Little progress made on emergency center move
by Margo Avakian
Feb 07, 2013 | 1196 views | 0 0 comments | 5 5 recommendations | email to a friend | print
HALIFAX- At the beginning of January the selectboard charged co-emergency management directors Lewis Sumner and Justin Berry with preparing a report on the best approach to relocating the emergency operations center. The town’s EOC is housed in a small room at the fire station. During Tropical Storm Irene, that location was vulnerable to flooding. It was also found unsatisfactory for communications, poorly ventilated, and noisy.

Co-EMD (and board chair) Sumner reported that he and Berry have met twice with residents who volunteered to help with the task; another meeting is planned for early March. “The recommendation,” Sumner said, “is to leave it at the fire station for now and look into a trailer.” The trailer would be used for storage and as a mobile communication center.

“On what basis was the recommendation made to leave it at the fire station?” asked vice chair Edee Edwards. Sumner replied that town clerk Patricia Dow doesn’t want the EOC at the town office and does not think there is enough room to store the center’s equipment and files. “Is Patty Dow in charge?” Edwards asked. “Or is this a selectboard and community decision?” “As the town clerk,” Sumner said, “she’s in charge of the office.”

“She has final say?” asked an incredulous Edwards. Edwards also disputed the supposed inadequacy of the office space, saying that there is less space at the fire station.

At that point board member Earl Holtz shifted the discussion to the advantages of creating a mobile unit, allowing operations to be set up in whatever location works best in a given situation. Edwards was not opposed to the trailer idea, but said she needs “to be sold.”

Edwards said she had expected to have a report from the EMDs “in hand.” At the least, she expected something more than a proposal to continue with an unsatisfactory arrangement while looking into spending a lot of money on a trailer.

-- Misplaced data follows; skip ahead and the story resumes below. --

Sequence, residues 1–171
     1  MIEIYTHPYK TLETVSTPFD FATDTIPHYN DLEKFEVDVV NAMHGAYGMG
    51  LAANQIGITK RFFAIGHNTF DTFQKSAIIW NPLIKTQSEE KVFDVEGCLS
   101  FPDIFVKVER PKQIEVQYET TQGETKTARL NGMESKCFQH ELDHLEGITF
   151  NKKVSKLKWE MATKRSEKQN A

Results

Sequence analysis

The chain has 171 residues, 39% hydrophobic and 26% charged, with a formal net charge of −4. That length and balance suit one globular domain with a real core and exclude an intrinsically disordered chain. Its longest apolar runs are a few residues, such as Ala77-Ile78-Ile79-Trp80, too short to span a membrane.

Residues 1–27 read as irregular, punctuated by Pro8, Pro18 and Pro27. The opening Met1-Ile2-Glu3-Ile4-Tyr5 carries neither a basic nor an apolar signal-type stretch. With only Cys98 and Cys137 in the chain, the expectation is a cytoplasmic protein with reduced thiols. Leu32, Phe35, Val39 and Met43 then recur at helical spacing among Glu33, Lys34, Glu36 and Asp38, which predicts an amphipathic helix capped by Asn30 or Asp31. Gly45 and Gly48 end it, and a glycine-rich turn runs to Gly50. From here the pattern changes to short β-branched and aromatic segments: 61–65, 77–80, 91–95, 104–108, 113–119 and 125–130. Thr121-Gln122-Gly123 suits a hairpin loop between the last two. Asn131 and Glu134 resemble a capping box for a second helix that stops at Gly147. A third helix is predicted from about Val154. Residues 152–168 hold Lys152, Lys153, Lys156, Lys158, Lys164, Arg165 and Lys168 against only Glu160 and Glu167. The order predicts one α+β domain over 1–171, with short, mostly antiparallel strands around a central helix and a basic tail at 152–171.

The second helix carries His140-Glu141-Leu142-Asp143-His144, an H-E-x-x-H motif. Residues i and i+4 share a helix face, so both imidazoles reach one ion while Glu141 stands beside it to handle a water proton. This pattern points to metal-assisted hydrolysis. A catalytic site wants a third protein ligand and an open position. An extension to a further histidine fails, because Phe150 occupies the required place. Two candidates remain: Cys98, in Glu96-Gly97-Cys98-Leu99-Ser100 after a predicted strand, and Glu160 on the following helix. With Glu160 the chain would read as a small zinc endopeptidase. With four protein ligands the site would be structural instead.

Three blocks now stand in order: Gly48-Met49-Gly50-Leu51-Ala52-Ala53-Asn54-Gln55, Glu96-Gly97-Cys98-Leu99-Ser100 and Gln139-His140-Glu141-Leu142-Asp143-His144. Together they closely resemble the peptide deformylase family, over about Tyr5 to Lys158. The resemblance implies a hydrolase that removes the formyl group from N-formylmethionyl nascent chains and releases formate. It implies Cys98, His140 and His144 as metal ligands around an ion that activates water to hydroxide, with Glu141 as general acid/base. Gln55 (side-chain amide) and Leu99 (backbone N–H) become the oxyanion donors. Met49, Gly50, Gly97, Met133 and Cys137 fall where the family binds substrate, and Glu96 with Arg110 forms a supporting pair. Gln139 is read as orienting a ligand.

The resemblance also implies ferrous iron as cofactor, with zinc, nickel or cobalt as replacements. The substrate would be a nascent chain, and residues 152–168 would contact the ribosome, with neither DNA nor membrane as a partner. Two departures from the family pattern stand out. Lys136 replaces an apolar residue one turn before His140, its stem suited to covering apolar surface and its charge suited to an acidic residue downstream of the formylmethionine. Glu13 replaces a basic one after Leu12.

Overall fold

Linda Lyon commented that there is still no comprehensive analysis of the town’s emergency needs and resources. Lyon said that she has attended the meetings held by the EMDs, but is not the leader. She decried the lack of agendas and of defined, prioritized goals. Lyon said that, in her view, the town has “made no progress since Irene.”

Margaret Bartenhagen, another citizen volunteer, agreed that the meetings have been unfocused, “diffused among all the things that need to happen” instead of attacking one specific goal at a time.

“What’s the barrier?” Edwards asked. “Were we not clear about what we want accomplished?” She suggested holding a special meeting to set very explicit goals and formatting for the EOC relocation process. Contenting himself with a brief comment that, in his experience, directors are expected to direct, Holtz agreed. The meeting will be held Saturday, February 9, at 9 am.

In other business, highway supervisor Bradley Rafus reported that the new truck has been picked up and is being serviced. The town repurchased salvage from the burnt truck for $4,900. Rafus estimates that the purchase will help the town realize about $40,000 in savings by rebuilding rather than buying a second new truck. Christina Moore, of Storm Petrel, reported that extensions for ongoing Irene restoration projects are moving normally through the FEMA approval process. Board members will attend a planning commission meeting on Tuesday, February 12, to discuss flood zone identification and regulations with John Bennett, of the Windham Regional Commission.

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